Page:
... luxurious creations of long-forgotten ages and races a strong witchcraft was pent, and that a man might grow to give his heart and soul to them. My uncle could give me the date of every object. This statuette is a Praxiteles; this picture a Guido Reni; Benvenuto Cellini was the owner of this goblet; and this sword was ...
— Dr. Dumany's Wife • Mr Jkai

... autobiography has ever been good. Trollope's, perhaps, is as good as any that I know, but of all forms of literature it is the one least adapted to the national genius. You could not imagine a British Rousseau, still less a British Benvenuto Cellini. In one way it is to the credit of the race that it should be so. If we do as much evil as our neighbours we at least have grace enough to be ashamed of it and ...
— Through the Magic Door • Arthur Conan Doyle

... Do not forget Wessel. Tell Gutmann that I was much pleased that he asked for me at least once. To Moscheles, should he be in Paris, order to be given an injection of Neukomm's oratorios, prepared with Berlioz's "Cellini" and Doehler's Concerto. Give Johnnie from me for his breakfast moustaches of sphinxes and kidneys of parrots, with tomato sauce powdered with little eggs of the microscopic world. You yourself take a bath in whale's infusion as a rest from all ...
— Frederick Chopin as a Man and Musician - Volume 1-2, Complete • Frederick Niecks

... was opened to the French by a bevy of such painters and sculptors as Leonardo da Vinci, Rosso, Primaticcio, Benvenuto Cellini, and Bramante, and they were encouraged and feted by Marguerite especially. In those days a new picture from Italy by Raphael was received with as much pomp and ceremony as, in olden times, were accorded the holiest ...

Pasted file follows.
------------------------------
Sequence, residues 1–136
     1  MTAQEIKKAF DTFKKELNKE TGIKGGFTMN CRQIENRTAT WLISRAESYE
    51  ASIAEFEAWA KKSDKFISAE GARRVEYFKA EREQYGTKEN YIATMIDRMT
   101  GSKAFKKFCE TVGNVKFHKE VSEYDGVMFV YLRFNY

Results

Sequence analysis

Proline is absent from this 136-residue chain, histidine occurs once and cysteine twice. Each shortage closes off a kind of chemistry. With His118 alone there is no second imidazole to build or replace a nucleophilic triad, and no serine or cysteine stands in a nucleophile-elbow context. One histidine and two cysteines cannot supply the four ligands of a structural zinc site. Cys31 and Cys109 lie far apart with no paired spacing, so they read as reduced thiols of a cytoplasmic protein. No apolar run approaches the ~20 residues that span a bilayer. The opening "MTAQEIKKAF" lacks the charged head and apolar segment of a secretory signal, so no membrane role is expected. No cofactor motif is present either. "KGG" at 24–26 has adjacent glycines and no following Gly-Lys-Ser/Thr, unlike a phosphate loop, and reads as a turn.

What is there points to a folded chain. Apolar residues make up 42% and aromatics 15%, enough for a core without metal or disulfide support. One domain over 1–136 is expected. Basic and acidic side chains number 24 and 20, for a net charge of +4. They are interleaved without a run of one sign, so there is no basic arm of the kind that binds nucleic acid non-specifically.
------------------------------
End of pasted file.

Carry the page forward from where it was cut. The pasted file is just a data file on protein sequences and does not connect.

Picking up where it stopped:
— Women of Modern France - Woman In All Ages And In All Countries • Hugo P. Thieme

... colossal scale, something demonic and decisive in execution."[2245] Virtu meant the ability to win success. Machiavelli used it for force, cunning, courage, ability, and virility. "It was not incompatible with craft and dissimulation, or with the indulgence of sensual vices."[2246] Cellini used virtuoso to denote genius, artistic ability, and masculine force.[2247] "The Italian onore consisted partly of the credit attaching to public distinction and partly of a reputation for virtu" in the above sense.[2248] It was objective,—"an addition conferred from without, in the ...
— Folkways - A Study of the Sociological Importance of Usages, Manners, Customs, Mores, and Morals • William Graham Sumner

... going badly," he proceeded; "or rather not at all. I made a rather decent fountain at Newport; but—remember what Susanna said?—it's not in the first rank. A happy balance and strong enough conception; yet it is like a Cellini ewer done in granite. The truth is, too much interests me; an artist ought to be the victim of a monomania. I'm a normal animal." He studied ...
— Linda Condon • Joseph Hergesheimer

... applies to Benvenuto Cellini—bully, assassin, insufferable egoist, and so forth, as well as artist. If he had not been sufficiently in love with his own swashbuckler rascality to write his amazing autobiography, how dim to our imaginations, comparatively, would have ...
— Vanishing Roads and Other Essays • Richard Le Gallienne